Rachel Zegler had never acted in any professional capacity before she won the role of Maria in the open casting call. Even before the film was released, the word getting out that Spielberg cast her as a lead was apparently enough for her to land important roles in the sequel to Shazam! (2019) - Shazam! Fury of the Gods (2023) - and the live-action remake of Snow White (2024).

The beginning of the "Dance at the Gym" sequence involved three different shots stitched together to make it look like one continuous shot. Janusz Kaminski described that it "starts as Steadicam, bringing the actors down the hallway, then as soon as the doors open up, it transitions into a cable cam shot that goes up into the air and over to the other side of the gym." This moment from the film later went viral on Twitter two months after the film's release, with filmmaker Guillermo del Toro describing it as "Extremely hard to execute. Pure, masterly clockwork precision and a lot more complex than "seamed" shots or steadicam-to-crane "relay" shots. Baffling, virtuoso- but one of so, so many shots that make the camera "dance" with each musical number."

The museum Tony and Maria visit together is The Cloisters, also known as the Met Cloisters, a museum specializing in European medieval art and architecture, with a focus on the Romanesque and Gothic periods.

Screenwriter Tony Kushner has stated the film will be more in line with the original book by Arthur Laurents than the 1961 film adaptation.

Brian d'Arcy James is a Tony nominated Broadway star, both regarded as an excellent singer and dancer. He plays Officer Krupke who does neither of those things.

When Tony is singing "Maria" outside the tenement, in the background is graffiti on a wall behind him that says "Chita." Presumably, this is a nod to Chita Rivera, the original Anita on Broadway.

During "America," a group of Puerto Rican protesters can be seen. One of them holds a sign mentioning Robert Moses, who oversaw New York City's post-war urban development and was responsible for displacing several ethnic communities in favor of his construction projects. Needless to say, Moses remains one of the most controversial figures in New York's history.

Rachel Zegler played Maria onstage at the Bergen Performing Arts Center at the age of 16 before being cast for the film.

Since the West Side of Manhattan had long been redeveloped and gentrified since the time of the original musical and filming of the 1961 adaptation, the film was shot in various other locations in the New York City area that more closely resemble how the neighborhood used to look, including Harlem, Brooklyn, and Newark and Paterson in New Jersey.

Mike Faist's portrayal of Riff has been singled out as a highlight by many fans and critics with much praise going to how he captures Riff's dangerous side and volatility but also his vulnerability and charisma, even earning praise from former Riff actor Russ Tamblyn.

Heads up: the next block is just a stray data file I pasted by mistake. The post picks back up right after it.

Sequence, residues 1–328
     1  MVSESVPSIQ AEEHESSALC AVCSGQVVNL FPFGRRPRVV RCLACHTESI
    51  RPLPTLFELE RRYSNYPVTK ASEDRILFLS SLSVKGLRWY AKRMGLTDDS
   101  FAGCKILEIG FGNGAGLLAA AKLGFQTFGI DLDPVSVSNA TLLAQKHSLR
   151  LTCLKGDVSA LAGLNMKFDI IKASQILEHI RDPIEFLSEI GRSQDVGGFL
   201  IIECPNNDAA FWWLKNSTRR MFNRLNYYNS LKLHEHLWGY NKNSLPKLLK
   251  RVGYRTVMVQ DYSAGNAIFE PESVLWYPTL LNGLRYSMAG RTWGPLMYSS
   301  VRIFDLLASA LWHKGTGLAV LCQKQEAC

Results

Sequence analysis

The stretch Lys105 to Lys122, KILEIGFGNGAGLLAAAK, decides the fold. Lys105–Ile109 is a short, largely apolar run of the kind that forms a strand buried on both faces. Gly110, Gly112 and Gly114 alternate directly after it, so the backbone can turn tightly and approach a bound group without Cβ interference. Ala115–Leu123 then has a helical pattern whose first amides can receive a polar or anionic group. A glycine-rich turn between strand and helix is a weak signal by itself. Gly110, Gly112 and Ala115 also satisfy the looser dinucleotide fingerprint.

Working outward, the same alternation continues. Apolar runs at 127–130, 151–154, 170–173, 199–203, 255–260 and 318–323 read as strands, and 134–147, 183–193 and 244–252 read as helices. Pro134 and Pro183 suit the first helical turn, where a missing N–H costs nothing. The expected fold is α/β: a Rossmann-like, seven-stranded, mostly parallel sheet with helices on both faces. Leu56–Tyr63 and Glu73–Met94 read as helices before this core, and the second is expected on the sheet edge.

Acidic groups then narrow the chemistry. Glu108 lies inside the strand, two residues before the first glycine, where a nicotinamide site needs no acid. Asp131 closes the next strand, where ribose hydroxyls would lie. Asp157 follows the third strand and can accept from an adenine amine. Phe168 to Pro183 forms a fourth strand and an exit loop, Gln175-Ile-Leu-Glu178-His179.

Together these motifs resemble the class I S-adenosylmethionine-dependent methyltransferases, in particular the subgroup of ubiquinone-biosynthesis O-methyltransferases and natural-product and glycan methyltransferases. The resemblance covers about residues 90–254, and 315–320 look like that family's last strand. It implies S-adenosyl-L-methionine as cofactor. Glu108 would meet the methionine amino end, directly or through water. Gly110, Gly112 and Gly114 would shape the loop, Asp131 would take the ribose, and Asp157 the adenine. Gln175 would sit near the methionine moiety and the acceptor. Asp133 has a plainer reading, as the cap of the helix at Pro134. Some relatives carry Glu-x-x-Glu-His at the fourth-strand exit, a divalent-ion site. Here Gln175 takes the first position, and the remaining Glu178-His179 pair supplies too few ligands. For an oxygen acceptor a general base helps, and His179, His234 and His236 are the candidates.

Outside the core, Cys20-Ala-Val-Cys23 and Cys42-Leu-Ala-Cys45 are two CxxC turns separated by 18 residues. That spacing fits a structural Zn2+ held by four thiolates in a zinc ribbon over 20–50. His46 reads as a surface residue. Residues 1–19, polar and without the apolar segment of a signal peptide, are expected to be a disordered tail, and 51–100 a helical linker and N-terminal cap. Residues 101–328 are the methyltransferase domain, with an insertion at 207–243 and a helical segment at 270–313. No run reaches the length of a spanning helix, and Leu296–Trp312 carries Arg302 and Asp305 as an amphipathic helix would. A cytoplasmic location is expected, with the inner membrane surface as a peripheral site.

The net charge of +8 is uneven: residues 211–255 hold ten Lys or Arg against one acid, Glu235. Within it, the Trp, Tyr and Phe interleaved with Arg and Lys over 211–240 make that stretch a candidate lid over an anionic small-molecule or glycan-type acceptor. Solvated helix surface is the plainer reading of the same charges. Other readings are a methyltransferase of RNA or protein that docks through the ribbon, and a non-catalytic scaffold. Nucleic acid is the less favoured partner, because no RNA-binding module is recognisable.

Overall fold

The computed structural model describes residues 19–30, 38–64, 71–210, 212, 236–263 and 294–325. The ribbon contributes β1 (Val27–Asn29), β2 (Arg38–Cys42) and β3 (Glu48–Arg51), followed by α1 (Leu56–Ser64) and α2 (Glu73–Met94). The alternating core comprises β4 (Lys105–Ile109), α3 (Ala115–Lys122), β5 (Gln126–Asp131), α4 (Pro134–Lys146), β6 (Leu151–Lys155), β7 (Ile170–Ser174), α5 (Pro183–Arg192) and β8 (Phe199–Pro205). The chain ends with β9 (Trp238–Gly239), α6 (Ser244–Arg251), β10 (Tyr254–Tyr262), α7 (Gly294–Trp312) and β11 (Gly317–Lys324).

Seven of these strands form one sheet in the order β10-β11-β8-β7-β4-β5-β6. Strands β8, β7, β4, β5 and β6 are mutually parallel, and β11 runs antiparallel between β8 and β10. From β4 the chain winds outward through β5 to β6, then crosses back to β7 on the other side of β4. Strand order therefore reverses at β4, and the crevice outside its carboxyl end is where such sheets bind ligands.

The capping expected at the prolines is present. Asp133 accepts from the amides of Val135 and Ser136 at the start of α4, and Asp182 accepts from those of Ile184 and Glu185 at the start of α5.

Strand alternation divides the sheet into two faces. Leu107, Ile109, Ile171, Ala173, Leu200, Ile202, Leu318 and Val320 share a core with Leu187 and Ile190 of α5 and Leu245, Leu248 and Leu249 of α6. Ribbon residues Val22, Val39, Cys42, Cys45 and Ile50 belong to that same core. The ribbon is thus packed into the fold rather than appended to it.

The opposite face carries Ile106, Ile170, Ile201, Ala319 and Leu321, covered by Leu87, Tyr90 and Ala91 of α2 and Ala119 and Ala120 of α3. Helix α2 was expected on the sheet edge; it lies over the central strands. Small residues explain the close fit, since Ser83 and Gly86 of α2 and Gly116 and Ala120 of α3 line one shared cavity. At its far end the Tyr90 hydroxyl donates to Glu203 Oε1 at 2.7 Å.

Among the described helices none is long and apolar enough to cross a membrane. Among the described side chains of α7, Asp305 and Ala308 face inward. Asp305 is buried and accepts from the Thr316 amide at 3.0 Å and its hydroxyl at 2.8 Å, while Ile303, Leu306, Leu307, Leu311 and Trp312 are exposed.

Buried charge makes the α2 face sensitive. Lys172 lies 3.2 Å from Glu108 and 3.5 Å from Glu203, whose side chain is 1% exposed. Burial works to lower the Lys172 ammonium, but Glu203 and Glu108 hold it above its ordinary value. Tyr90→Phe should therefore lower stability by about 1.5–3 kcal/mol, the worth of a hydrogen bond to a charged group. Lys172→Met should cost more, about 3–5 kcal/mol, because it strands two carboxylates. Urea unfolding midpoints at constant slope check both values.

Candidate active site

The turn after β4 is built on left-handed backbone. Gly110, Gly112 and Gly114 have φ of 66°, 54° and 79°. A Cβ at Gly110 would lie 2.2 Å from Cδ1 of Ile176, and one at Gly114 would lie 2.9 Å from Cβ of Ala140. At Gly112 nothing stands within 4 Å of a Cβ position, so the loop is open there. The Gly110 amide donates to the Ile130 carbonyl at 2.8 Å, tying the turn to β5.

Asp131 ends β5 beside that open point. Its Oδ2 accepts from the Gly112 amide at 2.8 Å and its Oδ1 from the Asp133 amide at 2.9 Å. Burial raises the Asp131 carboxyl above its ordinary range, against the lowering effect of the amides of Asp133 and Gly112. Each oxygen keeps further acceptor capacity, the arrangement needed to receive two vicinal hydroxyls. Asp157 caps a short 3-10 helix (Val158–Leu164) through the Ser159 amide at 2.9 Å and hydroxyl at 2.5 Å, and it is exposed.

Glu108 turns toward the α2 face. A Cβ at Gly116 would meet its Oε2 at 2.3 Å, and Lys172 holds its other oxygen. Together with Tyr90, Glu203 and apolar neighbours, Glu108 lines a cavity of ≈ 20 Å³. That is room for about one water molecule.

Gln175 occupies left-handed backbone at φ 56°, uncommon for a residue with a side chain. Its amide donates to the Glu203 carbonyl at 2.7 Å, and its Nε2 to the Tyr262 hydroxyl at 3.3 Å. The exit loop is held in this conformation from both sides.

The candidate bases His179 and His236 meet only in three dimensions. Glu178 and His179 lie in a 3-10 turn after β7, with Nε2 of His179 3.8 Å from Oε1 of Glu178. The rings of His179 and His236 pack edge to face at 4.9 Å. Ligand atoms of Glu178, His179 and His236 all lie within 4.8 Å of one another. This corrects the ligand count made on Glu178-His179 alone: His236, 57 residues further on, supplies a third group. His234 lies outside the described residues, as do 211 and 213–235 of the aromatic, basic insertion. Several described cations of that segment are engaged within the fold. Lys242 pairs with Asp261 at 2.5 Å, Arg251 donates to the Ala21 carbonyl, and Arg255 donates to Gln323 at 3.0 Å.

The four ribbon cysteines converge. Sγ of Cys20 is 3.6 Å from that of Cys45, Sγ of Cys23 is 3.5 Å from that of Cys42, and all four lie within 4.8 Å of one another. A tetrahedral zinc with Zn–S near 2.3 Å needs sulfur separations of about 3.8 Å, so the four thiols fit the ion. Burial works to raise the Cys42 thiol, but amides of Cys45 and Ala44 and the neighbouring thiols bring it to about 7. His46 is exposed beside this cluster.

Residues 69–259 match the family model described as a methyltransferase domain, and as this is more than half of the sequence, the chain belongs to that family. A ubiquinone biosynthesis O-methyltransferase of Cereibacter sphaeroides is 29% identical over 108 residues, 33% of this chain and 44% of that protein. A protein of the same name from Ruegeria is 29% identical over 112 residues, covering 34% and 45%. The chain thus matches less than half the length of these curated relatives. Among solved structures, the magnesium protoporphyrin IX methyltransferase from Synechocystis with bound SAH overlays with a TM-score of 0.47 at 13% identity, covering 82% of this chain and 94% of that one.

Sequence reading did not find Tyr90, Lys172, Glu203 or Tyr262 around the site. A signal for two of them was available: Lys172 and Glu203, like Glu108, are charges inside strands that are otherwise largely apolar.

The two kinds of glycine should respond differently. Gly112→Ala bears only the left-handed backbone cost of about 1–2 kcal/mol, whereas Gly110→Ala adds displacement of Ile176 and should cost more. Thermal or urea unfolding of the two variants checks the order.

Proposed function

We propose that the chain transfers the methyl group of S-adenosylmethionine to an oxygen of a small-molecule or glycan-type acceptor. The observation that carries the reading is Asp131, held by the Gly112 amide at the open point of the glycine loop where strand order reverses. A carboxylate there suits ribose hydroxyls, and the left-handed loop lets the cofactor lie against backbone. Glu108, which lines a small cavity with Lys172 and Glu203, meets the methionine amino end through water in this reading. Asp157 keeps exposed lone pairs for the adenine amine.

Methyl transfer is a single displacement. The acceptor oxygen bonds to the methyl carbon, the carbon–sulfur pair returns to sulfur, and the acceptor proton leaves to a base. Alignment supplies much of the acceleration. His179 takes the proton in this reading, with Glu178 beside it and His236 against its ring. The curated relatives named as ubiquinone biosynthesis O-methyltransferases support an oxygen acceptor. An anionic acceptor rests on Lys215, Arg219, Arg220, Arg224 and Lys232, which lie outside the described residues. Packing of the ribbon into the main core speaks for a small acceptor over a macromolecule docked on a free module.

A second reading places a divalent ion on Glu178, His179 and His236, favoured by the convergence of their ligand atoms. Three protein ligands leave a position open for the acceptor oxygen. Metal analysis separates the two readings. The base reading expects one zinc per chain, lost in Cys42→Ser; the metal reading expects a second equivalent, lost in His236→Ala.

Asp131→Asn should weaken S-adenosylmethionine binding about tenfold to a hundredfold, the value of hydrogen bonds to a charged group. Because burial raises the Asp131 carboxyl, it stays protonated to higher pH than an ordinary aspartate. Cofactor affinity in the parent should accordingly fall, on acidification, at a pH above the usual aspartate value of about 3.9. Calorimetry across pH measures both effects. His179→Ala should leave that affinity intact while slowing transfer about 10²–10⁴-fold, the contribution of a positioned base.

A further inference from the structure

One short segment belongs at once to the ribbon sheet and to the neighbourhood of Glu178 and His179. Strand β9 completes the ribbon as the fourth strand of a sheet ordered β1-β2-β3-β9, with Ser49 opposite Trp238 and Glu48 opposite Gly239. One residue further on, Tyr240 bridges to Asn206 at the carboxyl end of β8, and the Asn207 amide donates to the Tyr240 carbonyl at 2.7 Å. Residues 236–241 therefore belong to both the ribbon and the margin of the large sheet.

Naya Rivera campaigned and sent an audition tape in for the role of Anita. She had previously played this role (and sung the songs "America" and "A Boy Like That/I Have a Love") in Glee (2009), during Glee: The First Time (2011), during the school's performance of "West Side Story". However, she sadly drowned in the summer of 2020.

Bernardo and Maria are given the surname Vasquez in this version. You can see it on the boxing poster in their apartment, advertising one of Bernardo's past fights.

A sign in the opening sequence shows the slums are being razed to make way for the Lincoln Center for the Performing Arts. The Lincoln Center was built on the spot where the 1961 movie was filmed; the slums that provided the film's locations were razed for the urban renewal project.

Unlike with the 1961 film and stage productions, some of the cast were actually age appropriate. Rachel Zegler, who hit 18 just before filming began and thus was the same age as Maria. Patrick Higgins (Baby John) was was a sophomore in high school at the time of filming.

"One Hand, One Heart" was originally written for the balcony scene, until Stephen Sondheim reconsidered that such a solemn song did not capture the spirit of youthful romance and passion at first sight. He and Leonard Bernstein repurposed the music from Tonight Quintet (which had already been written) to write a new variation on Tonight, which then became a motif throughout the play.

It's been announced that there will be no English subtitles when the characters are talking in Spanish. Regarding this decision, Spielberg explained that this was done "out of respect for the inclusivity of our intentions to hire a totally Latinx cast to play the Sharks' boys and girls ... If I subtitled the Spanish I'd simply be doubling down on the English and giving English the power over the Spanish. This was not going to happen in this film, I needed to respect the language enough not to subtitle it." Spielberg has also previously been on the record disliking subtitles, believing them to be distracting, and generally avoiding the use of them in his films.